Autism, Ahead of Print.
Although a growing literature highlights sex differences in autism spectrum disorder clinical presentation, less is known about female variants at the neural level. We investigated sex-related patterns of functional connectivity within and between functional networks in children and adolescents with autism spectrum disorders, compared to typically developing peers. Resting-state functional magnetic resonance imaging data for 141 children and adolescents (7–17 years) selected from an in-house sample and four sites contributing to the Autism Brain Imaging Database Exchange (ABIDE I and II) were submitted to group independent component analysis to generate resting-state functional networks. Functional connectivity was estimated by generating resting-state functional network correlation matrices, which were directly compared between males and females, and autism spectrum disorder and typically developing groups. Results revealed greater connectivity within the default mode network in typically developing girls as compared to typically developing boys, while no such sex effect was observed in the autism spectrum disorder group. Correlational analyses with clinical indices revealed a negative relationship between sensorimotor connectivity and history of early autism symptoms in girls, but not in boys with autism spectrum disorder. A lack of neurotypical sex differentiation in default mode network functional connectivity observed in boys and girls with autism spectrum disorder suggests that sex-related differences in network integration may be altered in autism spectrum disorder.Lay summaryWe investigated whether children and adolescents with autism spectrum disorders show sex-specific patterns of brain function (using functional magnetic resonance imaging) that are well documented in typically developing males and females. We found, unexpectedly, that boys and girls with autism do not differ in their brain functional connectivity, whereas typically developing boys and girls showed differences in a brain network involved in thinking about self and others (the default mode network). Results suggest that autism may be characterized by a lack of brain sex differentiation.
Facial emotion recognition in autistic adult females correlates with alexithymia, not autism
Autism, Ahead of Print.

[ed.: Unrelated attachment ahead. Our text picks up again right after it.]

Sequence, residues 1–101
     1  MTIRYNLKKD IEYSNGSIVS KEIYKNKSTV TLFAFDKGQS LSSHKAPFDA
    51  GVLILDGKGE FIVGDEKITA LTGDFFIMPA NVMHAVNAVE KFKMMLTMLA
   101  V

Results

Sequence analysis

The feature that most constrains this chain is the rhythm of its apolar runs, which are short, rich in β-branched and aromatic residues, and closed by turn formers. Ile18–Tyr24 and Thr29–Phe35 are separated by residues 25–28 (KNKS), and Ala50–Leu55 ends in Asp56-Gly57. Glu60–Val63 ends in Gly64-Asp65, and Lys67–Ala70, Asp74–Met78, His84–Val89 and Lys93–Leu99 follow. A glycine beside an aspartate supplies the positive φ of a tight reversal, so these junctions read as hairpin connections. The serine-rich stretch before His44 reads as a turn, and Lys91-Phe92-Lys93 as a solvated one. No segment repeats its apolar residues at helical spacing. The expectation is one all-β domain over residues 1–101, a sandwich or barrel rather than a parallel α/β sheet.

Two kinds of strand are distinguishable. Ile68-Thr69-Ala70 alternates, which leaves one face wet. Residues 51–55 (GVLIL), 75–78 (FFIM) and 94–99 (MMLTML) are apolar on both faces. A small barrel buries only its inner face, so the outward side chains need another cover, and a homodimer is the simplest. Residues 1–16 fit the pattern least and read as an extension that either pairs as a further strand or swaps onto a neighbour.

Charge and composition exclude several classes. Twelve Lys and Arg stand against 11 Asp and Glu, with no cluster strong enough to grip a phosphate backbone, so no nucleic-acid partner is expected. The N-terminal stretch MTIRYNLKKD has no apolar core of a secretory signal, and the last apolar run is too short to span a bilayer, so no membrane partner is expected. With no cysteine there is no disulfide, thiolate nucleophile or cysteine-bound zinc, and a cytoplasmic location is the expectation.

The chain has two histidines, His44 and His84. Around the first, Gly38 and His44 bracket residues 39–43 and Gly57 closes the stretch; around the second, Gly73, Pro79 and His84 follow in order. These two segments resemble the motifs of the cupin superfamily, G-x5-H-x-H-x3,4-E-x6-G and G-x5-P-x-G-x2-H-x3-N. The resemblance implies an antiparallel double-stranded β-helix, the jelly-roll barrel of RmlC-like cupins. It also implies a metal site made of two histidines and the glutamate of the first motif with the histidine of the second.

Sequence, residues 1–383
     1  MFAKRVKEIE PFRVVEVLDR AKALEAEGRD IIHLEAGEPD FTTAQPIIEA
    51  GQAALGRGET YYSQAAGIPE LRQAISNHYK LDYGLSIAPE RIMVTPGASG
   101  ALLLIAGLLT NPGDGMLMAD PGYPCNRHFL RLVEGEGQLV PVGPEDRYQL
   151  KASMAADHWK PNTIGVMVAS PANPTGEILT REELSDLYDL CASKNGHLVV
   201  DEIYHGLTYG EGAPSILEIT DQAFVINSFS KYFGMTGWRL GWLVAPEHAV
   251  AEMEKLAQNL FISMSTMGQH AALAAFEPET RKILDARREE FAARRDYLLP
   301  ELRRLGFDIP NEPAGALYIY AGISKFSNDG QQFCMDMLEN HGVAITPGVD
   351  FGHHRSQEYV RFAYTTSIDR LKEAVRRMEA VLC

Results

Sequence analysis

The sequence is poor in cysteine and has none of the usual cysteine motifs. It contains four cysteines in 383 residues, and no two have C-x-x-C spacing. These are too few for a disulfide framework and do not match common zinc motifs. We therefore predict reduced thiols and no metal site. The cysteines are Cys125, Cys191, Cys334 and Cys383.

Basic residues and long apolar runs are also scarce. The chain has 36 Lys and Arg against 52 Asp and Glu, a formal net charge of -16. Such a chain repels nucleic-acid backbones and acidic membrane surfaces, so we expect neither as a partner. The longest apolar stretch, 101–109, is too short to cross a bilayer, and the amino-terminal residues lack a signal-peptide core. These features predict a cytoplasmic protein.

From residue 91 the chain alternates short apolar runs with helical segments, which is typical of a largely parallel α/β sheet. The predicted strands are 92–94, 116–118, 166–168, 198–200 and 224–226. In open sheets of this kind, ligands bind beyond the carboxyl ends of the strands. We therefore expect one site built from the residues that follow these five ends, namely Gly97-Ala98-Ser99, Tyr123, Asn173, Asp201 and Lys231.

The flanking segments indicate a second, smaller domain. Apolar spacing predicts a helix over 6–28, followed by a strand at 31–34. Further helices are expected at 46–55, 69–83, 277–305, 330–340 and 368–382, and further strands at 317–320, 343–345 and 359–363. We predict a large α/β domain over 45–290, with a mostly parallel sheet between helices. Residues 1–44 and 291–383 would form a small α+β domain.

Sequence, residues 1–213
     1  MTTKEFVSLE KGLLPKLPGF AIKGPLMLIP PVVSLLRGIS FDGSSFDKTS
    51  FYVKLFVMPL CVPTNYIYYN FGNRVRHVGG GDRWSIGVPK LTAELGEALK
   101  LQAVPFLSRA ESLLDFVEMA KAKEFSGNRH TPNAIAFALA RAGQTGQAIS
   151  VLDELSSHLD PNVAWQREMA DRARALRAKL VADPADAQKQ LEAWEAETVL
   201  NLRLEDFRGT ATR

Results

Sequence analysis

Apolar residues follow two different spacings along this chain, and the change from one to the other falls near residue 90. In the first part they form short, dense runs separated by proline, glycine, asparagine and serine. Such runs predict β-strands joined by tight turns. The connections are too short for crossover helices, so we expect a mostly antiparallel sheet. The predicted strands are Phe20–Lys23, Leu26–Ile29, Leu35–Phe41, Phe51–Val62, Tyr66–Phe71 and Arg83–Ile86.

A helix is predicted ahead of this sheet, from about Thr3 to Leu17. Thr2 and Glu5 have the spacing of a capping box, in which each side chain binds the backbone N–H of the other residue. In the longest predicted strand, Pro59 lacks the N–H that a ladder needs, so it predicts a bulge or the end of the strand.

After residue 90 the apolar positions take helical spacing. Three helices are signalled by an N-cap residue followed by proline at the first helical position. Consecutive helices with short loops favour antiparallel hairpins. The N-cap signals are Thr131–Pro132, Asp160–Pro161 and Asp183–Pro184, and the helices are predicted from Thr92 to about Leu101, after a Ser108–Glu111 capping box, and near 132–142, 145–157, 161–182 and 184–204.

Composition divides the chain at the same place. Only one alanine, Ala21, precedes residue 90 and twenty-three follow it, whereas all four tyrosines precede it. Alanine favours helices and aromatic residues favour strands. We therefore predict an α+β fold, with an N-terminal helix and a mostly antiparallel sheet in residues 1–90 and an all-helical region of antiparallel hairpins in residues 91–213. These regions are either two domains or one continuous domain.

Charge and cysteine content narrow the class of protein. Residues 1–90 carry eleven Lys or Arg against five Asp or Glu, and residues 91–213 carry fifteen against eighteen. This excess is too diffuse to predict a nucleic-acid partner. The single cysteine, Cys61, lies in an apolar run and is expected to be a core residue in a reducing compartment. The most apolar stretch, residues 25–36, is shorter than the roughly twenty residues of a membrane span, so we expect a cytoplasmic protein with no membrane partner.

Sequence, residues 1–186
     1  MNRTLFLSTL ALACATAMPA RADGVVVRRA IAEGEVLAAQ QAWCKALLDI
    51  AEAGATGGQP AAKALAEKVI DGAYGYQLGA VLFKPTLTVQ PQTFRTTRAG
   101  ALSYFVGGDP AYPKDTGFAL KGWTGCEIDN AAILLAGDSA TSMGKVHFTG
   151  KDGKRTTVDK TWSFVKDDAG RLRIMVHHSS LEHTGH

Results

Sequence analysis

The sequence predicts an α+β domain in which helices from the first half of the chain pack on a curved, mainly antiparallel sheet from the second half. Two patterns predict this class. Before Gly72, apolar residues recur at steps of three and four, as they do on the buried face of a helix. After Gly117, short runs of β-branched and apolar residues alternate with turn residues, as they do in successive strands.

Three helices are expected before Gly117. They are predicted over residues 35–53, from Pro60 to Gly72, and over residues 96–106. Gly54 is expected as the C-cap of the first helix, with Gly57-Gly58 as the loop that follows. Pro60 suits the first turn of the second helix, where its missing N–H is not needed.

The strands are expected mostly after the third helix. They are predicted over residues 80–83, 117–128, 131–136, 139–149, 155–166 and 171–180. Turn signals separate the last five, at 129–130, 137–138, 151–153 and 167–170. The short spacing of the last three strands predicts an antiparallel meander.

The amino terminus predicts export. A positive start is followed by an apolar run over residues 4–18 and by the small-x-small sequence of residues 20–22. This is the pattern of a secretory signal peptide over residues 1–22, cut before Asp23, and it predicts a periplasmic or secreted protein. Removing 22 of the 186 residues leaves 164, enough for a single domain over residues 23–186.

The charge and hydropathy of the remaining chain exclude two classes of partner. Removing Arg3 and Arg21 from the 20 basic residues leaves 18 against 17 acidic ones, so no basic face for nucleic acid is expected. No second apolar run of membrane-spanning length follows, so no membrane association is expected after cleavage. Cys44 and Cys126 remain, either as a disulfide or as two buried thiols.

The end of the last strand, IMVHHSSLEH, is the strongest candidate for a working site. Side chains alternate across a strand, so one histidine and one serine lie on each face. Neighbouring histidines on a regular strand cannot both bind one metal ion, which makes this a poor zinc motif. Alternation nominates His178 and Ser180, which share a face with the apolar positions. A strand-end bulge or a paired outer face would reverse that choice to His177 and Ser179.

Research on predominantly male autistic samples has indicated that impairments in facial emotion recognition typically associated with autism spectrum conditions are instead due to co-occurring alexithymia. However, whether this could be demonstrated using more realistic facial emotion recognition stimuli and applied to autistic females was unclear. In all, 83 females diagnosed with autism spectrum condition completed online self-report measures of autism spectrum condition severity and alexithymia, and afacial emotion recognition deficit that assessed their ability to identify multimodal displays of complex emotions. Higher levels of alexithymia, but not autism spectrum condition severity, were associated with less accurate facial emotion recognition. Difficulty identifying one’s own feelings and externally oriented thinking were the components of alexithymia that were specifically related to facial emotion recognition accuracy. However, alexithymia (and autism spectrum condition severity) was not associated with speed of emotion processing. The findings are primarily discussed with the theoretical view that perceiving and experiencing emotions share the same neural networks, thus being able to recognise one’s own emotions may facilitate the ability to recognise others’. This study is in line with previous similar research on autistic males and suggests impairments in facial emotion recognition in autistic females should be attributed to co-occurring alexithymia.Lay abstractResearch with autistic males has indicated that difficulties in recognising facial expressions of emotion, commonly associated with autism spectrum conditions, may instead be due to co-occurring alexithymia (a condition involving lack of emotional awareness, difficulty describing feelings and difficulty distinguishing feelings from physical bodily sensations) and not to do with autism. We wanted to explore if this would be true for autistic females, as well as to use more realistic stimuli for emotional expression. In all, 83 females diagnosed with autism spectrum condition completed self-report measures of autism spectrum condition traits and alexithymia and completed a visual test that assessed their ability to identify multimodal displays of complex emotions. Higher levels of alexithymia, but not autism spectrum condition features, were associated with less accuracy in identifying emotions. Difficulty identifying one’s own feelings and externally oriented thinking were the components of alexithymia that were specifically related to facial emotion recognition accuracy. However, alexithymia (and levels of autism spectrum condition traits) was not associated with speed of emotion processing. We discuss the findings in terms of possible underlying mechanisms and the implications for our understanding of emotion processing and recognition in autism.